Reply to this topicStart new topic
> Key & Solo
post Feb 4 2009, 06:04 AM
Post #1


Group: Members
Posts: 30
Joined: 28-October 08
Member No.: 6.141

The key of E (major) has three primary chords. They are E, A and B or B7. So While the rhythm is being played, the lead guitar player can do his solo using the E scale but could the lead guitar player also use the A scale and the B scale when the bass player and rhythm guitar are playing A chord and B chord? The song is still based on the key of E.
Go to the top of the page
+Quote Post
Ramiro Delforte
post Feb 4 2009, 06:24 AM
Post #2

Group Icon

Group: GMC Instructor
Posts: 2.279
Joined: 4-August 08
From: Argentina, Buenos Aires
Member No.: 5.625

Correct me if I'm wrong, but I understood that you asked two things.

1- Can I play A major and B major over a progression I-IV-V in E major?

2- If that's true would I still be in E major?

Answering to the first one.
Yes, you can do that but be aware that playing over those chords with their major scales add some extra notes to the E major key and sometimes those notes are taken as dissonance. In the case of A major the same four note chord is on the base (A-C#-E-G#) that would be an Amaj7 the difference with the same chord in the key of E major would be that in the A major you have the natural 11th while in the E major you have A lydian (raised 11th).
Regarding the B or B7 chord is much more complex because as it's the dominant and have the b7 when you play B major you have the major 7th and that note would be a dissonance against the B7 chord.

The second question
Yes, you would be in the same key. The jazz theory uses that concept of playing in other keys but you're just adding some extra notes (there are some jazz players like Jimmy Bruno who doesn't use that concept at all but he uses the same notes because he thinks them as some added notes). Those "extra notes" in the jazz theory are more easy to understand if we relate them with a key center. So, you're gonna still be in the key of E but you're adding some "tensions" to that key (it's a way to simplify the whole thing).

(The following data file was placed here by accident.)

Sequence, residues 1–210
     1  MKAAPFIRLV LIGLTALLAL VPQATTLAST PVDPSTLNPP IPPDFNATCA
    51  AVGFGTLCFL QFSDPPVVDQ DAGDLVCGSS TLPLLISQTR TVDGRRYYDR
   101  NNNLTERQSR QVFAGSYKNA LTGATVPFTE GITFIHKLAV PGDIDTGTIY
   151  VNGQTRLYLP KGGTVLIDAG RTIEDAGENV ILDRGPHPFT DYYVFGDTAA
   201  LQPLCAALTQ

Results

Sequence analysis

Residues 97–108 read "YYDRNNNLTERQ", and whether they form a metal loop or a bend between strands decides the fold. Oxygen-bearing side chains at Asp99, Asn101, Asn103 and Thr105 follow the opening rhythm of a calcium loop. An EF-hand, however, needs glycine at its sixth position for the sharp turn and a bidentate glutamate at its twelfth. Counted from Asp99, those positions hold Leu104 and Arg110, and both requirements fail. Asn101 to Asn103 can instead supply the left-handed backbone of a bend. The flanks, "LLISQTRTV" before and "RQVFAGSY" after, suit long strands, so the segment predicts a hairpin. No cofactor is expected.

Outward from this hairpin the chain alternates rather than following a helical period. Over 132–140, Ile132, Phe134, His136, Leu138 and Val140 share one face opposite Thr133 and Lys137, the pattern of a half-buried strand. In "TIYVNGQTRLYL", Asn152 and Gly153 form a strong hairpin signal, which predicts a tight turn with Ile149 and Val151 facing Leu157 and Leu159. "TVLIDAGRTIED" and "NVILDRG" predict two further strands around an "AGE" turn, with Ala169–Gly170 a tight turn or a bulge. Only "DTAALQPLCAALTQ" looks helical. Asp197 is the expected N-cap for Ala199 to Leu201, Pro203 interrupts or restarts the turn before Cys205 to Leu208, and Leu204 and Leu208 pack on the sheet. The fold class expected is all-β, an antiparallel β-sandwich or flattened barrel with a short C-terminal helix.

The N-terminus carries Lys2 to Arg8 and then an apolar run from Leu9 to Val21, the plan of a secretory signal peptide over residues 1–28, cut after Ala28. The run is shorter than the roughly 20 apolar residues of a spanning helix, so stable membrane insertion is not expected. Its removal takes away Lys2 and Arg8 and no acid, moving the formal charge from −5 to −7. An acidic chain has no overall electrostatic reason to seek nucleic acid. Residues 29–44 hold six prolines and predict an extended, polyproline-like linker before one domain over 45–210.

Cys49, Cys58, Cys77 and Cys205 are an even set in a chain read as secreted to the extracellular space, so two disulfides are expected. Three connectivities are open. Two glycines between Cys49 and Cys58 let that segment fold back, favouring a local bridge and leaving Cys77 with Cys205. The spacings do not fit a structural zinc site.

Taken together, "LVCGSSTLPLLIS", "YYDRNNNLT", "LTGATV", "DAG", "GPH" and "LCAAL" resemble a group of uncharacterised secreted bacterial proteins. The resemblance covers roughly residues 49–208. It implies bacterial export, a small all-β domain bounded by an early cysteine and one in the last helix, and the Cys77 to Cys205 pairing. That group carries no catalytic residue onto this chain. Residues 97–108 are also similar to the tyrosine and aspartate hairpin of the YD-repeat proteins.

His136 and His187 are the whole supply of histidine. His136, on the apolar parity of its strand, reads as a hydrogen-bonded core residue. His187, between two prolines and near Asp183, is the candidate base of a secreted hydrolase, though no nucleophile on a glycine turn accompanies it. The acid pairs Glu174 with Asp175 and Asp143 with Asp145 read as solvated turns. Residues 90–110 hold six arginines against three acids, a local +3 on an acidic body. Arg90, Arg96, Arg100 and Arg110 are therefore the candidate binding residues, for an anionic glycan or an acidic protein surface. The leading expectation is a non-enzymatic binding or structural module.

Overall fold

I hope that's what you've asked for.


Check out my Instructor Profile and Board

Go to the top of the page
+Quote Post
Muris Varajic
post Feb 4 2009, 10:47 AM
Post #3

Group Icon

Group: GMC Instructor
Posts: 15.459
Joined: 22-June 07
From: Sarajevo,Bosnia
Member No.: 2.159

There's actually one other approach used much more often,
it's Mixolydian over each chord,
E Mixo over E chord, A Mixo over A chord an B Mixo over B chord,
this gives you feel of 7th chords and kind a rocky mood.
All major scales for I-IV-V progression is rarely seen in popular music
but there are no prohibitions whatsoever,
if you like the sound of it, you should play it.
That's not gonna be entirely in key of E (Mixo approach above isn't as well)
cause you'll not be playing pure E scale all the time
but as Ramiro said, there are some ways specially in Jazz
when you're adding extra notes with more tension to each chord in progression.


Album "Let It Out" on
and CD Baby

Check out my video lessons and instructor board!

The Pianist
tune is progress,check it out!

"ok.. it is great.. :P

have you myspace? Can i to personalize this for you guy?"
Go to the top of the page
+Quote Post

Fast ReplyReply to this topicStart new topic
1 User(s) are reading this topic (1 Guests and 0 Anonymous Users)
0 Members:


RSS Lo-Fi Version Time is now: 16th February 2019 - 05:03 PM